Morton Theatre

195 W. Washington Street,
Athens, GA 30601

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Morton Theatre (Official)

Additional Info

Functions: Community Arts Center, Live Theater

Phone Numbers: Box Office: 706.613.3771
Manager: 706.613.3771

Nearby Theaters

Morton Theatre

The Morton Theatre and Building was built for prominent early 20th Century African-American businessman Monroe Bowers "Pink" Morton. It once was part of Athens' bustling black business district, most of which is no longer standing.

Built in 1909-10, the theater opened in spring of 1910, with a piano concert, attended by both black and white patrons. For most of its early decades, it was a live performance space, with vaudeville and stage shows filling the bill. It wasn’t until into the 30s that films were shown at the Morton.

The theater also remained an important meeting hall for Athen’s African-American community for decades until closing in the 60s after a fire.

The Morton could seat about 550, and when it opened, held two small balconies, four boxes and seating for about 300 on the orchestra floor. When a projection room was installed during the 30s, the tiny upper balcony was taken out.

After the theater closed, and most of the office building remained vacant, a few black-owned small business continued to operate on the street level. However, during the 60s and 70s, the Morton fell into a state of disrepair, and by 1980, the Morton Theatre Corporation was founded, with a goal of rescuing the historic showplace from being lost forever.

By the mid-to-late 80s, nearly $2 million had been raised to restore the Morton to its original appearance.

Also during the 80s, the auditorium was sporadically used by local bands, including R.E.M and the B-52s, for rehersal space and filming videos.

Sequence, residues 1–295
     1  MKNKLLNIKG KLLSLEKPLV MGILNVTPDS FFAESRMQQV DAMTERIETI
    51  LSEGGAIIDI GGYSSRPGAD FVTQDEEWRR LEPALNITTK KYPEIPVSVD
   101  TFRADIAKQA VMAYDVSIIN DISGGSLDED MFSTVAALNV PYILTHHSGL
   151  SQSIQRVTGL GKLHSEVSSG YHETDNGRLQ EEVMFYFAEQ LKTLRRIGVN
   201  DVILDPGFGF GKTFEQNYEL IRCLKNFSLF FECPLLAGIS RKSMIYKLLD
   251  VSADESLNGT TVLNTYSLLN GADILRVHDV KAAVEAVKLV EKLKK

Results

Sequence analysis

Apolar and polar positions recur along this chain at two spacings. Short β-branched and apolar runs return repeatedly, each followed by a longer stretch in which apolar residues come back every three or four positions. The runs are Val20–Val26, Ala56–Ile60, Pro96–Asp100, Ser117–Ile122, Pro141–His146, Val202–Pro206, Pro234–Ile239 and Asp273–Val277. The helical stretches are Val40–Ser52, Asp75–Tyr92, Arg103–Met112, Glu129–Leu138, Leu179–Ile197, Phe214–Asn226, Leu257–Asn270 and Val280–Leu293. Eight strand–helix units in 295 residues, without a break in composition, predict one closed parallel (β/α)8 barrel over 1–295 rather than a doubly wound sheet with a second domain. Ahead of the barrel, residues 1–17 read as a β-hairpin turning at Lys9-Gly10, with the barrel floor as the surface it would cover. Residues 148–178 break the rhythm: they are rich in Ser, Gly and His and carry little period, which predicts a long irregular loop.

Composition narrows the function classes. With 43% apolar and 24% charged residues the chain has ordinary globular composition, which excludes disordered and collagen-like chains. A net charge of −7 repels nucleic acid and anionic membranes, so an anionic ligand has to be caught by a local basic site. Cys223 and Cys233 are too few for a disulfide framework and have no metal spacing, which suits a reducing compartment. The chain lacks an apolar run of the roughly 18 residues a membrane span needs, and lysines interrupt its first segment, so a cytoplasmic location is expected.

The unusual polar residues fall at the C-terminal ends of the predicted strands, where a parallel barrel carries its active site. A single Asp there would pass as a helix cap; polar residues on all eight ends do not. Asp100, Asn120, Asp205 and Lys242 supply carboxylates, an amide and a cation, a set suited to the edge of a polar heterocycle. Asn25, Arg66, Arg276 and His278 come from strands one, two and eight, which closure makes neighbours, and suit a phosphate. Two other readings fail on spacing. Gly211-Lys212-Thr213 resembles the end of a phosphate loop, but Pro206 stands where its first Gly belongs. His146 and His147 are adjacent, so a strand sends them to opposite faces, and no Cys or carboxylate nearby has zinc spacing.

Since the early 90s, the Morton has been under the joint control of the Morton Theatre Corporation and the Athens-Clarke County Unified Government which operates the theater as a community performing arts center. It is also the home of the Morton Heritage Players, which presents contemporary African-American theater productions.

Contributed by Bryan Krefft

Recent comments (view all 8 comments)

Patsy on December 19, 2004 at 9:01 pm

Near Athens in the Town of Hartwell GA was another theatre called the Julie. It is now an Ace Hardware Store, but the current owner recalls going to the movies at the Julie. The name came about because the family that owned the Julie and another one across the town square along with a drive-in south of town were all named after the owner’s daughters. Sadly, none of them today exist.

Patsy on December 19, 2004 at 9:38 pm

The Julie had a ‘crying room’ which I had never heard of. It was a special area in the back where a mother could take her crying child so as to avoid bothering fellow patrons. Great idea!

Patsy on December 19, 2004 at 10:49 pm

Just read in a great book entitled How They Met by Joey Green about Laurel and Hardy. Ollie Hardy was born in Harlem GA and attended the University of Georgia in Athens GA. He dropped out of college and “opened a movie theatre”! Interesting!

kencmcintyre on May 25, 2006 at 10:30 pm

If you’re lazing around on your hammock this holiday weekend, with your laptop of course, you may wish to peruse this master’s thesis on African-American theaters in Georgia. There are sections on the Morton as well as several other theaters:

kencmcintyre on September 28, 2008 at 3:01 am

Here is a photo and some information about the Morton:

Doonyman on November 29, 2009 at 3:50 am

I hope I’m making this up, but I could swear the last time I visited Athens, this place was closed down. I think it’s a handbag store now. If that’s true, what a sad turn of events for such a classy old theater.

Doonyman on November 29, 2009 at 3:52 am

Wait, forget what I just said. I just went to the Morton website and they’re still open and running and doing events. I must have been confused when I was walking around downtown. Sorry, y'all! :–)

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